"I've never been too interested in galleries. There's been a couple who have been interested in me but I don't make a lot of stuff that is able to sell in galleries. I have in the past but I get joy from event based work. Working in a gallery is slower to me. It's a little boring. Most of the time you put it up and there's a fun opening and closing but in between you're sitting at a desk hoping to god someone will walk in on accident. It's not really my style I suppose. I like building stuff that people can interact with and I like event work. I've been trying to get in with museums for a while and that's been working pretty well. It's easier to experiment in a museum. I think that galleries in general are an outdated mode to show art.

What advice would you give to artists who aren't interested in galleries but still want to get their work out into the world?

"It's easy to get your work out into the world. Just put it in the world, that's all you gotta do. Just fucking do it. Paste it to the side of a building, do it on somebody's porch, I don't know; do whatever you want. For real, just put it out there. You've got more resources to share than any other time before. Get on the internet and talk to like-minded people if that's a style you want. There's a gallery here [Denver] that's gotten a lot of traction that's very experimental and it's out of someone's garage. They draw more people than most galleries so just fucking put it out there."

When we were working together you often used the phrase punk rock to describe how you approach your artwork. What do you mean by that?

"Dirty. Use whatever you can. It's a do it yourself mentality. Go get dirty; dive into the dumpster. It doesn't have to be perfect. You don't have to make all of your lines beautiful. You don't have to make beautiful frames and any of that. Just slap it together. Not to say undedicated but make it work and make it strong. Say it loud - as loud as you can. That's punk rock."

You created an arts and music festival named Temple Tantrum. Tell us about your inspiration for the festival and where you would like to see it in the future. 

"I created the darn thing to try and bring together as many people as I could in an environment that blended all of the different practices that I enjoy. I think that at the end of the day bringing people together and being present with other people is the most powerful thing that you can do. I decided that I'm getting older and that I'm gonna die someday and that if I didn't try to close down the block to do something crazy and move towards music, I never would. I think music is the most powerful art form. It's pretty universally agreed upon. Everyone listens to music. Not everyone gives a shit about painting or anything like that but music is a way to permeate space beyond its origin and you can copy it forever. If you bring people together, especially right now when there's so much exodus from Denver with all of this financial disparity going on and a lot of art spaces shutting down; I thought it would be a good statement to take to the streets combining all of those artforms. I hope to do it again. Probably not this year. I'm gonna take this year to push my music and use everything that I've learned from my art. David Bowie started as a painter and when they interviewed him he said 'What musician didn't start as an artist?' All of the good musicians were artists first. So, I'm going to try to be David Bowie from now on. I see myself integrating visual art into music. I don't want to step away from it [visual art] entirely but I do want to take all of the things I learned and put it into a higher vibrational space."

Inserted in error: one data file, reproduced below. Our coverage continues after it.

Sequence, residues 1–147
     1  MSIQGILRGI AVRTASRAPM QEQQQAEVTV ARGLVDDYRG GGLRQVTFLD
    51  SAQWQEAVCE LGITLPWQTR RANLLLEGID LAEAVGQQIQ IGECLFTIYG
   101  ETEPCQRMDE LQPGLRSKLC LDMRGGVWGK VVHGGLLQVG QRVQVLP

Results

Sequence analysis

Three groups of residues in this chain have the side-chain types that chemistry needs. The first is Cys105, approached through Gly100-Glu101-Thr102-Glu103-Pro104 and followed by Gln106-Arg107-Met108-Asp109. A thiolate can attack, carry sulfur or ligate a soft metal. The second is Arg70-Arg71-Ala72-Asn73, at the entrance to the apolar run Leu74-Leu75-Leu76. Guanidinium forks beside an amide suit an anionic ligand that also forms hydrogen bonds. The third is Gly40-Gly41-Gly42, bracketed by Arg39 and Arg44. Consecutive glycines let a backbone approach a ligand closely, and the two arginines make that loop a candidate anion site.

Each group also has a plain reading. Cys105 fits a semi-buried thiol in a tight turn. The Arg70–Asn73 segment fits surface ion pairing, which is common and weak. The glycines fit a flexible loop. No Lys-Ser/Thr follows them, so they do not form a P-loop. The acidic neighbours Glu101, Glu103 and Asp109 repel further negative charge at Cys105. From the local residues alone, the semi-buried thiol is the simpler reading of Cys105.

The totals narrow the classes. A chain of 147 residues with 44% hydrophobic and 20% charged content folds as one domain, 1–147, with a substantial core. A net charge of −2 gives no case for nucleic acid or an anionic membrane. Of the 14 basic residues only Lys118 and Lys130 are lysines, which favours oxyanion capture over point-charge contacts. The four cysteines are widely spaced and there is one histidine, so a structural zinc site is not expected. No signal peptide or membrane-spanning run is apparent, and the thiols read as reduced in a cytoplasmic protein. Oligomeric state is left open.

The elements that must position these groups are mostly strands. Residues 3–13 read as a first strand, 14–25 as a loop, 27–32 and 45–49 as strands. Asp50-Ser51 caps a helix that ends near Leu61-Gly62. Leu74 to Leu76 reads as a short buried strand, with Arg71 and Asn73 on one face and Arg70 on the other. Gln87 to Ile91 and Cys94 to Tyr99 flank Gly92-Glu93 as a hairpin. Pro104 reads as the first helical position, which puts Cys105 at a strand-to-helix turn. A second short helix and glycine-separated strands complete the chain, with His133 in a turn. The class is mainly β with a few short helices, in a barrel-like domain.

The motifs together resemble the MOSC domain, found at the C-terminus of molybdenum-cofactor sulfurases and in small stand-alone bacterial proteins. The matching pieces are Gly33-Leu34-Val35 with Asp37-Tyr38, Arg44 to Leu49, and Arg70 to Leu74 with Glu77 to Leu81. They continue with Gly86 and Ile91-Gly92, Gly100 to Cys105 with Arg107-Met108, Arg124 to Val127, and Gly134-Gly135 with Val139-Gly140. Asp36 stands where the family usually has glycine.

Do you have any plans in the future for more performance based art?

"All of it from now on honestly. It seems to be where I get the most joy because I'm interacting with people right then. I have a strength for writing and it seems that performance art - things that require sets and what not - is the best way to express oneself using the whole body and mind. You're using everything at your disposal and in that way it comes across when you're doing something like that. You can tell when someone is speaking from their mind or when someone is speaking from their entire being. You can just feel it. Even if it doesn't make sense sometimes. Performance art requires that you do it from your entire being. I got an offer to make my own show for PBS. They were interested in sets and stuff like that. Once you sit down and write an entire show or play and find the actors and shoot it, it's a lot. If you can arrange those things to be done and then put your entire self in it then you're also creating a sense of community with people who enjoy doing the same thing. In the future I don't see myself doing that level of work again outside of conceptualizing and executing. I don't want to build the whole set and light it."

It seems like you're getting more into the media world.

"Yeah a little bit. Maybe, I haven't yet. I don't know if I want to be a media person but I do want to reach a lot of people. The art world is incredibly small at the end of the day. I realized with Temple Tantrum that I'm not trying to reach just other artists. While it's to have a community and try to bring that community together, I think it can also be very alienating. I'd like to bring in everybody if possible."

Is there anything you have planned that you want people to know about?

"Yeah, I'll be releasing an album or mixtape at least and hopefully some more writing. We'll see. I've been laying low for so long that I've kind of put all of my opportunities on the back burner. Maybe even a TV show. I think Temple Tantrum was a transition from one world to another for me."


Popular Posts